The question you’re asking yourself is, How can you serve this person who has an audience you want to get in front of?

Once you’ve taken a few months to build these relationships, then you can make the ask.

The best part is that after you’ve been on their podcast, or done an IG Live together or written a guest post, then it’s a million times easier to ask them to promote your products and brand.

And here’s how the numbers pain out:

If just 30 people out of your Dream 100 agree to promote your brand, and each of those people has a minimum of 10,000 followers, that’s 300,000 new people who could potentially be introduced to your brand.

There’s no way to get that kind of free reach on your own.

And even better, this isn’t a strategy that will ever go away — the platforms and methods may change, but relationship building is timeless.

When I started my sustainable and minimalist fashion brand nearly a decade ago, my then co-founder and I used the year leading up to our launch to build online relationships with all of the minimalism influencers, travel bloggers and fashion writers that we possibly could. 

It resulted in us raising enough money to quadruple our first production run.

When I launched Factory45 in 2014 I reached out to 50 eco-fashion bloggers, media outlets and sustainable fashion influencers and wrote 25 guest posts and interviews in two weeks. 

It resulted in me selling out every spot in the six-month program, having never run an accelerator before.

The Dream 100 is truly the strategy, that if you commit to it, that will serve your business for years to come.

And it’s this same strategy that I’ll continue to use this Fall as I build my newest project.

Stay tuned for more on that : )

 

 

 

P.S. The book is called Traffic Secrets by Russell Brunson and it just hit the New York Times bestseller list this week. He gives the book away for free on his website — you just have to pay for shipping.


CTA-Factory45 SHOP

I recently got an email from one of my current Factory45’ers asking if I had any tips and advice for life as an entrepreneur:

“You’ve done such an excellent job sharing all of your knowledge in building a fashion business which has been invaluable for me. Would it be possible for you to even share some tips & tricks in regards to more general topics…”

And then she went on to list some of her specific questions that I’m going to answer for you today — Q+A style.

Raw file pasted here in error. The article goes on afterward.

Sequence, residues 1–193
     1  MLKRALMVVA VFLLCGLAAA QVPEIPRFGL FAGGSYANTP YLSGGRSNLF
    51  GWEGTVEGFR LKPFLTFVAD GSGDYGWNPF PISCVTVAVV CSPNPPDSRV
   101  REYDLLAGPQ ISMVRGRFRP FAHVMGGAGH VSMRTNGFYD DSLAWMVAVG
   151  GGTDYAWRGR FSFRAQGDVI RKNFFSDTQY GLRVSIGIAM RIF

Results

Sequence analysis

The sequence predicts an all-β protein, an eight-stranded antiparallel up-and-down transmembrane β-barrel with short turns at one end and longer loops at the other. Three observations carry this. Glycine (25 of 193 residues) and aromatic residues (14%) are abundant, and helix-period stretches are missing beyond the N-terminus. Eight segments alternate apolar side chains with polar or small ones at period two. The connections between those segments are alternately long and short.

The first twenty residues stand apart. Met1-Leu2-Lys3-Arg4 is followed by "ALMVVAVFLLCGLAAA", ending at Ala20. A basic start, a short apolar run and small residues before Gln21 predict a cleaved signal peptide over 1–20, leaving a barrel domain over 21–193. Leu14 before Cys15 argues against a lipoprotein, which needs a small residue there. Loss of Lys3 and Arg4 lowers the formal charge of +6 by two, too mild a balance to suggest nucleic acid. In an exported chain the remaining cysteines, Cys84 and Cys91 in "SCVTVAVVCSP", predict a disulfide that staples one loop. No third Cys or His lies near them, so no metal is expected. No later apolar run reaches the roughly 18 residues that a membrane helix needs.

Thanks to Franziska for asking the questions — I hope the answers are helpful to all of you!


BEST PRODUCTIVITY HACKS?

If there’s anything I’ve learned about productivity it’s that different systems work for different people. There is no “one size fits all,” so I can only tell you what works for me.

1.) Create triggers. Triggers are very small things you do to signify the start of a certain task. (Yes, this is what Pavlov did with his dogs and it works.) So for example, I light a candle before I sit down to write. Or I drink iced coffee instead of hot coffee to signify the start of a bigger task. Or I turn on classical piano when I need to outline a big-picture project.

2.) Choose a location where you can get “in flow.” I’ve written more about this here. I’m most productive when I’m working from the desk in my home office or at the library.

3.) Look for big chunks of time instead of small spurts of time. I know that I need at least 1.5 hours to really sit down and get something done. If I have less than 1.5 hours, then I designate that time for answering emails, writing Instagram captions or organizing my to-do list and calendar.


HOW DO YOU ORGANIZE YOUR WORK DAYS?

This is easier now that I’m a full-time entrepreneur and not working a side-job as I did when I was first starting out. 

To be honest, when I was bartending from 7pm to 2am and working on my business during the day, I don’t even remember how I organized my time… it was a blur. 

But this is what my week looks like now, once my son is off to daycare:

9:30-10:30AM | Go through my to-do list on Asana, answer any pressing emails, get organized, drink coffee, settle in.

10:30-12PM | Accomplish one medium-sized task before lunch. It could be something like writing an SEO brief for an upcoming YouTube episode, or creating an email for the Market45 newsletter, or outlining a new email automation series.

12-1PM | Break for lunch. And I mean, really break. I’ll usually read or watch a show or the news.

1PM-3PM | Accomplish one big task. This would be something like writing a blog post, writing a YouTube script, filming or recording a new project, or researching, brainstorming and outlining upcoming big projects.